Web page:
Editorial: The bell tolls for WillMar
“Can I see another’s woe, and not be in sorrow too? Can I see another’s grief, and not seek for kind relief?”
– English poet William Blake
With the announcement in February that WillMar Family Grief and Healing Center would close due to an apparent lack of sustainable funding, it seemed as if the Valley would lose its only agency solely dedicated to providing free support for grieving kids and families.
But wait. Enter: Social Advocates for Youth, a Santa Rosa nonprofit that provides similar counseling services. Last week, Social Advocates offered to assume responsibility for the current counseling programs WillMar is providing - keeping the spirits up for kids grappling with the death or long-term-illness of a loved one, at least through May.
Social Advocates officials say they’re looking into the possibility of sustaining the WillMar programs under its own umbrella through the long term, but the future of a Sonoma-based place where children and teens can live through the horrors of loss is still cloudy.
On WillMar’s website, it says SAY’s commitment will depend “on the support of the WillMar community in the Sonoma Valley.” In other words: Sonoma needs to step up to save the nonprofit founded back in 2000 by Nina Gorbach; the Santa Rosa agency can’t financially float Valley programs on its own.
Blame for the demise of such a valuable agency is perhaps moot at this point. Were recent WillMar officials successful in raising funds for this entirely donor-funded nonprofit? Apparently not. Did it put all its donor eggs into a single $90,000 William Hearst III-woven basket? That’s the impression one gets - and when that basket was shelved by Hearst a couple of years ago, perhaps WillMar’s fate was sealed.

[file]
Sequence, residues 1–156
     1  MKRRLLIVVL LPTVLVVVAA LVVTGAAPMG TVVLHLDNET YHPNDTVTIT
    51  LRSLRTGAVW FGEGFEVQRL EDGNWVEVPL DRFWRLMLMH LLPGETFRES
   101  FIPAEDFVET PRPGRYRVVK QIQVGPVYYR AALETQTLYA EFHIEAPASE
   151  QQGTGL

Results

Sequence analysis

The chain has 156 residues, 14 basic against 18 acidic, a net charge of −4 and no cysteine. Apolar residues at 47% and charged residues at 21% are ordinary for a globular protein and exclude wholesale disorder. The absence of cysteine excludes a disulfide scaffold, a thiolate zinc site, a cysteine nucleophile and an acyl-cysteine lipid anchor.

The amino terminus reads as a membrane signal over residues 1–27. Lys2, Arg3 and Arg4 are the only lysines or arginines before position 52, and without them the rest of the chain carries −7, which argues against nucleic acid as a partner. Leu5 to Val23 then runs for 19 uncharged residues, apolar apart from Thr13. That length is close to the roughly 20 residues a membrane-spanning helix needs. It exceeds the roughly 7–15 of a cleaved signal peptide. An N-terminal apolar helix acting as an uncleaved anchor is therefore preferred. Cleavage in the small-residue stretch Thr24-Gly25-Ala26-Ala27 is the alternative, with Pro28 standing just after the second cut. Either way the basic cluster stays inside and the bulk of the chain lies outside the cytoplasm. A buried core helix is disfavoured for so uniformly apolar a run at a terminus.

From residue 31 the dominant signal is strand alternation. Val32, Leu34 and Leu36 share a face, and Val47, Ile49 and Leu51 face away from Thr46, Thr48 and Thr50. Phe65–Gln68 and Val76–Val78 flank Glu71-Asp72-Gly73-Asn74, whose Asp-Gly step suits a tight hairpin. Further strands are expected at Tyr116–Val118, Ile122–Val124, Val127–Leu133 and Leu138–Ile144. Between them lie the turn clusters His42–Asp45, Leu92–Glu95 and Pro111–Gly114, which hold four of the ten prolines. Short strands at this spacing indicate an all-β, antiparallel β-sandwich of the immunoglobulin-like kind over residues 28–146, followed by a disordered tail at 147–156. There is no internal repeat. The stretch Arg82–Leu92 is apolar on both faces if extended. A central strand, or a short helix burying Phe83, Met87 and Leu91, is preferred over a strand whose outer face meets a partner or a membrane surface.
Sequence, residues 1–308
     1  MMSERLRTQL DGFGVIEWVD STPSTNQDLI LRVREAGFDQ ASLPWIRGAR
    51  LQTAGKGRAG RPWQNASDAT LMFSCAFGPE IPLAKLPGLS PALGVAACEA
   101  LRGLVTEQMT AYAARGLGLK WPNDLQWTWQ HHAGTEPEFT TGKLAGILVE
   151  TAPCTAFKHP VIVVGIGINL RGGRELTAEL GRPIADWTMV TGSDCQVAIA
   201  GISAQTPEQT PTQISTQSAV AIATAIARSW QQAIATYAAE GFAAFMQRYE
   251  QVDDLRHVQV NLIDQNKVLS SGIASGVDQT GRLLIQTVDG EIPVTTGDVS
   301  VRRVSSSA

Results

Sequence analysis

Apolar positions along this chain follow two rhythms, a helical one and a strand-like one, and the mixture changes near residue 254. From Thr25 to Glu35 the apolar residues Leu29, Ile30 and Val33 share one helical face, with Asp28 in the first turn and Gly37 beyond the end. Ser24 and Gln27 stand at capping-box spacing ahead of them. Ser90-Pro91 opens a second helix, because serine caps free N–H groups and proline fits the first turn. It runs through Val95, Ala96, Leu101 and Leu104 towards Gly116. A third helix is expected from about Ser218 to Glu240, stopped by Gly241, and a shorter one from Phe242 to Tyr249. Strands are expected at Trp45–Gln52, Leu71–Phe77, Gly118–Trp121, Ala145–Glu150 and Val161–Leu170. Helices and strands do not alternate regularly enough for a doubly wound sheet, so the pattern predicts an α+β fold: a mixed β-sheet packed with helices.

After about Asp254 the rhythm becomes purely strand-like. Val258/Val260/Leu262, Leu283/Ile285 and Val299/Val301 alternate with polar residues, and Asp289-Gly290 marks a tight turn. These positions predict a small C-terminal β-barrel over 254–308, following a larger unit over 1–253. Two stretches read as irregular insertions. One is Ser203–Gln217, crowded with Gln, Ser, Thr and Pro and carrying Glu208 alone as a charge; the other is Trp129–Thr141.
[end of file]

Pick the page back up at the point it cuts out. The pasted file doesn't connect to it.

Still, it’s difficult to imagine that in such a giving community as the Sonoma Valley – especially generous in its giving to youth causes – there isn’t the support out there to help kids deal with the most terrible thing the world can throw at them: death.
My kids, fortunately, haven’t suffered a life-altering blow like many others. But seven years ago, my father-in-law died at 75 following complications from a stroke. When I sat down to tell our older son – then 5 years old, but aware of what was going on – I softly gave it to him straight: “Jack, grandpa died today.”
I expected an onslaught of tears, but something else happened.
Jack paused, gathered his thoughts, and asked pointedly, “Dad, which grandpa?”
And then the crying began.
Aside from being a terribly sad time in our lives, that moment with Jack stands out to me vividly. He needed to process what was happening, what he was about to grieve over – where exactly things stood. Even at only 5 years old, if he was going to get through his initial encounter with death, he needed understanding first – and then time could step in to “heal all wounds.”
That’s a small-scale example of the big-deal help WillMar has provided for kids – kids faced with the loss of a parent, or the death of a sibling, or any such shattering demise.
Grief counseling services can’t bring back the dead, but they can help renew life.
Whether the Sonoma Valley can renew life in such services remains to be seen.